Furthermore, any media coverage of future Holocaust trials would likely focus on the health of the aging defendants, rather than on their crimes, since the best defense strategy would be to present the accused as unfit to stand trial. Moreover, rather than boost Holocaust education and remembrance, new Auschwitz trials would be more likely to undermine the integrity of commemoration by at best showing defendants being carried into courtrooms on stretchers and at worst - seeing the cases thrown out.
Even more importantly, if the lowering of the legal threshold required to convict people – as proposed by Demjanjuk’s judges – stood, any surviving people complicit in, or with knowledge of, Holocaust-era crimes would clearly choose to remain silent and take what they know to their graves. This is the gravest of the possible unintended consequences of new Holocaust trials, since, as many Shoah survivors stress, many Holocaust crimes remain unresolved and we still have an insufficient understanding of what drove low-level perpetrators.
Yet, if we forego conventional legal tools, there is even today a way to bring about justice, to encourage at least some of the low-level perpetrators to talk and to boost Holocaust education and remembrance. It is to institute truth commissions for Nazi-era war crimes inspired by those used in Africa and Latin America.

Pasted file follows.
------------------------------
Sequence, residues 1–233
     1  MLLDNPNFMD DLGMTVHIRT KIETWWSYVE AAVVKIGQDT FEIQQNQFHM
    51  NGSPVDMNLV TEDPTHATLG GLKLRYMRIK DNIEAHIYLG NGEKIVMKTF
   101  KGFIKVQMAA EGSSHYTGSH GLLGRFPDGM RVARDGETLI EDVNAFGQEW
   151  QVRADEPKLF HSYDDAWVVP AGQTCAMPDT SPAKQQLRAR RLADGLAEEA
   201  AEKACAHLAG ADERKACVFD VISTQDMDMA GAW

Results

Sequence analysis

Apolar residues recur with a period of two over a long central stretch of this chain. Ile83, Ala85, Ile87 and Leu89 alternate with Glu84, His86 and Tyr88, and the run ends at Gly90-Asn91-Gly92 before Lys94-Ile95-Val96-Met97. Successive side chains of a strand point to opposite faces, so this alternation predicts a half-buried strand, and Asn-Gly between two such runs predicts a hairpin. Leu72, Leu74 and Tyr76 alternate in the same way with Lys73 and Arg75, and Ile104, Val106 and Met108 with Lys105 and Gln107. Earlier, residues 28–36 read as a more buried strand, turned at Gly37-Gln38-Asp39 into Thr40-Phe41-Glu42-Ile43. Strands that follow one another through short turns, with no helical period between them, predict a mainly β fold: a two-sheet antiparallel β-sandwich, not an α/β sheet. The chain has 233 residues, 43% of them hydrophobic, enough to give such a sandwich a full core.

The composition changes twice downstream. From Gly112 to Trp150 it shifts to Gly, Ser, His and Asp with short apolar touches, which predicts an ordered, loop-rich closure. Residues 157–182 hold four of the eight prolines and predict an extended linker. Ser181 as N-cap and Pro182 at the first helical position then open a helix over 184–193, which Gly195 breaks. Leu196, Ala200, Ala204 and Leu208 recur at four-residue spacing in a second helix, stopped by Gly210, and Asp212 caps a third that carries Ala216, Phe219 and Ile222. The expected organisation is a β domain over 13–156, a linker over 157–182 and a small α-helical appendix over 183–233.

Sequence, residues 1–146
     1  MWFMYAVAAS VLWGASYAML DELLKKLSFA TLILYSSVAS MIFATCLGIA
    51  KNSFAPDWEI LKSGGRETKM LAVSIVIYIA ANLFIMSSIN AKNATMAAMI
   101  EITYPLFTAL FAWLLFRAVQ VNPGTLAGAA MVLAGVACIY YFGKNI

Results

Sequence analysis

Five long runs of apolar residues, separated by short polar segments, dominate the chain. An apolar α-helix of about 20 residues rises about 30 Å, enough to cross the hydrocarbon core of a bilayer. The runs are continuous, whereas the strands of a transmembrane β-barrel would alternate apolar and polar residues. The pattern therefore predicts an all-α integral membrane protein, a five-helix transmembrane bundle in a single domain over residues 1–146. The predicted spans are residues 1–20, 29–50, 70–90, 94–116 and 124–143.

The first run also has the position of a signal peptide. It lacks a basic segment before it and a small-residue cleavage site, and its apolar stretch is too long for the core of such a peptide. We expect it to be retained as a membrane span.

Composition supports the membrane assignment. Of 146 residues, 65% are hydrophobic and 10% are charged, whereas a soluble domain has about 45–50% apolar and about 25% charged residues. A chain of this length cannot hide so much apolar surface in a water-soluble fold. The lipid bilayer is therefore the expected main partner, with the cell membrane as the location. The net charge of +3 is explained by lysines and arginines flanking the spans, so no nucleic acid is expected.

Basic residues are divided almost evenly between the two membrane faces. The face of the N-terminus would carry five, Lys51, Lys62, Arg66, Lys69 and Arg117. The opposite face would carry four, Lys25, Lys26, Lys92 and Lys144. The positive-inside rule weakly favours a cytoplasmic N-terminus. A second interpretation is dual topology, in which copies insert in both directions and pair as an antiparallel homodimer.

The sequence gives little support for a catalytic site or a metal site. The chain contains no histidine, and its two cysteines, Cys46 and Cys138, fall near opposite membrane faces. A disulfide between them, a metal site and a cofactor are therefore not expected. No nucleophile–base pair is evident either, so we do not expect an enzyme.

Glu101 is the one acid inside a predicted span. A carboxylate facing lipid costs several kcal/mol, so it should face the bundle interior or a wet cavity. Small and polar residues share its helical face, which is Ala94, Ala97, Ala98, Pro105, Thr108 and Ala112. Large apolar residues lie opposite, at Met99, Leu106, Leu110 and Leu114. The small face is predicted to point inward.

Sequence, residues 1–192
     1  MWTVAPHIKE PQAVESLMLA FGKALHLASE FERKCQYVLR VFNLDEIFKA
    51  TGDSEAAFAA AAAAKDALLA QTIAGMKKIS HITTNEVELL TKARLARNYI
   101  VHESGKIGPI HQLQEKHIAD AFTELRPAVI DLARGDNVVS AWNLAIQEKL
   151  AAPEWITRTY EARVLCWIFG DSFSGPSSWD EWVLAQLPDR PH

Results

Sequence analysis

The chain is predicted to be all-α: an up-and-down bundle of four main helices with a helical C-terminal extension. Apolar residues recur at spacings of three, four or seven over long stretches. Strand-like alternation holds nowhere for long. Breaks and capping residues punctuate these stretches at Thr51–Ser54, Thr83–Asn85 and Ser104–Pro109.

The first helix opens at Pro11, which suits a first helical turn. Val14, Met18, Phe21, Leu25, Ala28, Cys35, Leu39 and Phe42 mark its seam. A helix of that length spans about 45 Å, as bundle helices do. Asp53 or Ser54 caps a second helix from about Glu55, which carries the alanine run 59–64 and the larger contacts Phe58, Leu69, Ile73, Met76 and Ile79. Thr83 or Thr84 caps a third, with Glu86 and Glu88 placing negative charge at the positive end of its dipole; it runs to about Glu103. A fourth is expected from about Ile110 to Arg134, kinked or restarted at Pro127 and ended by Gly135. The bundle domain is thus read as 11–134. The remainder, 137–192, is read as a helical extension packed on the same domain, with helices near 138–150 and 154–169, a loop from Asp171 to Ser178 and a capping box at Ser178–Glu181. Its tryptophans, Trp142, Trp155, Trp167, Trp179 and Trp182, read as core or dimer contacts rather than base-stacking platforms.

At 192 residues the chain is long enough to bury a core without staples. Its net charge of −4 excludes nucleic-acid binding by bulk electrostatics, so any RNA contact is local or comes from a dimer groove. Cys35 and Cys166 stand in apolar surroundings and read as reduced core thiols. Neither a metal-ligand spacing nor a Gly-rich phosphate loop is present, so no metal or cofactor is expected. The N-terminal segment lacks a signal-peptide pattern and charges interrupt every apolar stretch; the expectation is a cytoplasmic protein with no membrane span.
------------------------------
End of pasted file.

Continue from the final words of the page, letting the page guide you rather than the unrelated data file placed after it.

If granted immunity from prosecution for appearing in front of such commissions, people around the world could access the combined knowledge of the still-considerable number of men and women between the ages of 85 and 100 who were engaged in criminal and immoral acts during the Holocaust about which we still know little. Those involved in Nazi war crimes would get an opportunity to speak honestly and openly about the murkiest chapters of their lives. There would be no motivation for the many convenient and tactical forms of ‘memory loss’ in court by people involved in Nazi crimes. Truth commissions would be a relative success even if only some of the people involved in Nazi-era war crimes fully cooperated.
The institution of truth commissions would mean that the public would not focus on the question of whether courts should try old and frail men who were at the bottom of the Nazi chain of command. Rather, public discourse would refocus on Holocaust remembrance, Nazi crimes and the question of how ordinary people – not all of whom were genocidal anti-Semites – could turn into killers.